J.K. Trolling and Hogwarts’ Controversial Legacy


Rowling’s transphobic rhetoric throws her works’ legacy into question. (Courtesy of Instagram)

“Hogwarts Legacy,” the newest installment in the Harry Potter franchise, has taken social media by storm. Since the first wave of releases of the game on Feb. 10, Twitter users have reported timelines flooded with game spoilers and arguments about the ethics of playing or purchasing the game considering J.K. Rowling’s controversial stance on transgender rights and social issues. 

Rowling, the author of the original Harry Potter books and the creative mind behind huge projects like Universal Studios’ Harry Potter World, has a long history of negative press. Throughout 2020, the best-selling author came under fire for a series of tweets that many people construed as offensive to the transgender community, particularly trans women. Her first tweets on the topic complain that the use of phrases such as “menstruating person” excludes “real” women. Other such remarks have further excluded trans women and denounced their belonging with the female community. She has also condemned hormone therapy as unnecessary and the cause of potential health risks, citing inaccurate scientific studies and other such irreputable sources. But even before these statements, Rowling reportedly liked a series of transphobic tweets from other Twitter users and defended a handful of self-proclaimed “transphobes,” including YouTuber Magdalen Berns and disgraced researcher Maya Forstater. This behavior dates back to as early as March 2018.

Even more controversial is Rowling’s more recent books, one of which features a cis-male murderer who dresses as a woman to attack and kill cis-women. This type of story is often pushed in conservative and transphobic circles as transphobic rhetoric masquerading as protecting women.

Rowling’s history of transphobic comments has caused many people to boycott her products, including the massive amount of Harry Potter merchandise available for purchase. The newest installment in the Harry Potter-verse is a video game called “Hogwarts Legacy,” which allows players to experience life at Hogwarts a century before the books take place. In protest of the game, many online are trying to dissuade people from purchasing or playing the game by posting spoilers online or verbally attacking video game “influencers” who have made content that features the game.

However, some argue that the game is not as problematic as one might think. According to the official “Hogwarts Legacy” website, J.K. Rowling was not a major part of the game’s design process. Other fans of the franchise have pointed out the inclusion of a possibly transgender character in the game, which some see as a peace offering. The character is an NPC (non-playable character) who players can speak to during their quest. Throughout the game, she never officially claims a gender identity, but instead makes a comment that some think implies that the character is a trans woman: “Took them a second to realize I was actually a witch, not a wizard.” Yet the character’s name, Sirona Ryan, has left something to desire among members of the LGBTQ+ community. J.K. Rowling is not unfamiliar with naming controversy as the Harry Potter books feature arguably racist names such as Cho Chang and Kingsley Shacklebolt. Sirona Ryan, beginning with “Sir” and ending with “Ryan,” a typically male name, seems uncreative and possibly offensive.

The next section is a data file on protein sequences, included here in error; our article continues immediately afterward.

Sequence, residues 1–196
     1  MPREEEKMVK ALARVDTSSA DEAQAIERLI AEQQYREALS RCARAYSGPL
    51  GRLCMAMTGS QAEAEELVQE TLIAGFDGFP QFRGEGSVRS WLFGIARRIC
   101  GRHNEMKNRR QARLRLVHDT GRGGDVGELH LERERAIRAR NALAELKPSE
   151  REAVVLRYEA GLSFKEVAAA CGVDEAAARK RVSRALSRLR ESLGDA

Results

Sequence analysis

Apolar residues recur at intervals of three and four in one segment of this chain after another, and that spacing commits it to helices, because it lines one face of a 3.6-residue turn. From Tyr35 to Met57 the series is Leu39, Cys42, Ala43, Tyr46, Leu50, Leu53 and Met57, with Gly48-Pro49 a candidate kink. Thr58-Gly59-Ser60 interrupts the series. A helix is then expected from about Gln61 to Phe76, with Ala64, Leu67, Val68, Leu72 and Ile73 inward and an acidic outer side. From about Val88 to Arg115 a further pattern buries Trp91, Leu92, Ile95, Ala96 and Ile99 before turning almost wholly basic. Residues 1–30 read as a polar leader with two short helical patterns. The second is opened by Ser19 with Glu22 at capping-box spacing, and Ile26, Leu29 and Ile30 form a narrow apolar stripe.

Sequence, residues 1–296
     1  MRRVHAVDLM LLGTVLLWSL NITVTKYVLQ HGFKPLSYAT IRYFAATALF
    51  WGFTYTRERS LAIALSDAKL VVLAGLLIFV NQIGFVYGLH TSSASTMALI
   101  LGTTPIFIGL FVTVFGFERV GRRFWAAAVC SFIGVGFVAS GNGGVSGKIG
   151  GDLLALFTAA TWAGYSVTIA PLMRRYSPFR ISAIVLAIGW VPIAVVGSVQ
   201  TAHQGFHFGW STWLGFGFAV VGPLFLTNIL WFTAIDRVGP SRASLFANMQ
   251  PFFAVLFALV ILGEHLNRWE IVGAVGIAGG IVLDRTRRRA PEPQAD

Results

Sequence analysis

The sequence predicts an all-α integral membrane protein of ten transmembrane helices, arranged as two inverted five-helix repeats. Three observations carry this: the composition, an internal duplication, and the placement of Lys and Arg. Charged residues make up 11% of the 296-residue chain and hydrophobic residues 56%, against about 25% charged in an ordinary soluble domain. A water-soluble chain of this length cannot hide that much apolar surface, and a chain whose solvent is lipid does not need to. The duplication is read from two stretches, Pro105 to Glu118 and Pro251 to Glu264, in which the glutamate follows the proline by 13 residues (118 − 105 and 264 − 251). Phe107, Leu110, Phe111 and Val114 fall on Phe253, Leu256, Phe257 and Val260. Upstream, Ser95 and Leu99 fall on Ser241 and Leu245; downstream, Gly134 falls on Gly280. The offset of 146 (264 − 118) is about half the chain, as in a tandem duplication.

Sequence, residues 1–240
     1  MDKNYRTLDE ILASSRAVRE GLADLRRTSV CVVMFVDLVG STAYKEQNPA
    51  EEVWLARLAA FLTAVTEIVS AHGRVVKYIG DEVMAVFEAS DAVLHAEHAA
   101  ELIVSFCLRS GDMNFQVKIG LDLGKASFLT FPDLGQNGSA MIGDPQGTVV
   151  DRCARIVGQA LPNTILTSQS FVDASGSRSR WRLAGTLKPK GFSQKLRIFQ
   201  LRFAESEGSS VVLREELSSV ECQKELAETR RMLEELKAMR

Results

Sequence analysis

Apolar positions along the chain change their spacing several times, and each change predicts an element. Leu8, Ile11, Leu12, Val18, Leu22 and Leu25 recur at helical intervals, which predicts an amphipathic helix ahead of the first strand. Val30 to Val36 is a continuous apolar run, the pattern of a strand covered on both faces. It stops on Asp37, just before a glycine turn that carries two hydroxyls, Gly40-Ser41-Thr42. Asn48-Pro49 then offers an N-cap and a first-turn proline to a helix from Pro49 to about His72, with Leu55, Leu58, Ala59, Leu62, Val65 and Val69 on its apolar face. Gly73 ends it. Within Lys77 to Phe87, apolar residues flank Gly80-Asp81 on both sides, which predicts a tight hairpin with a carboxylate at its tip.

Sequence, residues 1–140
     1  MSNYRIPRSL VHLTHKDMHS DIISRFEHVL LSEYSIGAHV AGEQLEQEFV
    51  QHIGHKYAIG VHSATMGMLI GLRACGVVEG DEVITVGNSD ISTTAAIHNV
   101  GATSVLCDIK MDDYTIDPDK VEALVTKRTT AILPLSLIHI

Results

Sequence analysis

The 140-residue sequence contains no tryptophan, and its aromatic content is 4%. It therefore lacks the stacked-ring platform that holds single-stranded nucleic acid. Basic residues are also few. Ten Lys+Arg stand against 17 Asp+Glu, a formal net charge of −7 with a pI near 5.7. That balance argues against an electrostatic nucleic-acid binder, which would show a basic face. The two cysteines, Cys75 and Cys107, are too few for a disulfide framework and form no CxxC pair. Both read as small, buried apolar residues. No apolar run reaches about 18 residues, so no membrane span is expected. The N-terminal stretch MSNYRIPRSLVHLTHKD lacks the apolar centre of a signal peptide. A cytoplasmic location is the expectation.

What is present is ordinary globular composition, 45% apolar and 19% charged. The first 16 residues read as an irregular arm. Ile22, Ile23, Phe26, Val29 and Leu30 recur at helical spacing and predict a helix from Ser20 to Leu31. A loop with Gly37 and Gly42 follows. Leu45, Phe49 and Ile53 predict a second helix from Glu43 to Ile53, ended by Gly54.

The game has also come under fire for antisemitism. The goblin bankers featured throughout the book and movie series have been called antisemitic caricatures by critics, and the “Hogwarts Legacy” game features these same goblins with even more pronounced antisemitic characteristics.

But above all, the strongest argument against the game is how much money Rowling is likely to make from it. Even if she was not involved in the design process, she still stands to make millions off of royalties from game sales. To break it down: Rowling owns the intellectual property of all Harry Potter merchandise, which now includes the content of this game. While it has not been announced what percentage of the sales she will collect, the industry standard ranges from 10-15%, and she currently makes 15% off of Harry Potter book sales. With copies of the game selling from between $60-70, it is likely that Rowling will make about $8 off of each sold copy. While this number may seem small, Forbes estimates that the game will sell at least 10 million copies in the foreseeable future, meaning that Rowling could be pocketing $80 million off of just one game’s release.

Economic support for media is the biggest way to show support for the content and the creator behind it. Transgender rights activists encourage potential players to boycott the game not because the game itself is offensive, but because the creator who stands to profit off of it has continuously demonstrated her lack of support for the transgender community. There are also many alternatives to economically supporting Rowling. Choosing instead to watch video game streamers play the game, buying the game second-hand, opting to split the costs among friends or simply not engaging in the content at all are all viable options. If you are truly desperate for a Harry Potter revival, try rereading the books you might already own, going to the library or checking out fan-made content online. There are so many ways to enjoy the magical world of Harry Potter without supporting its transphobic creator.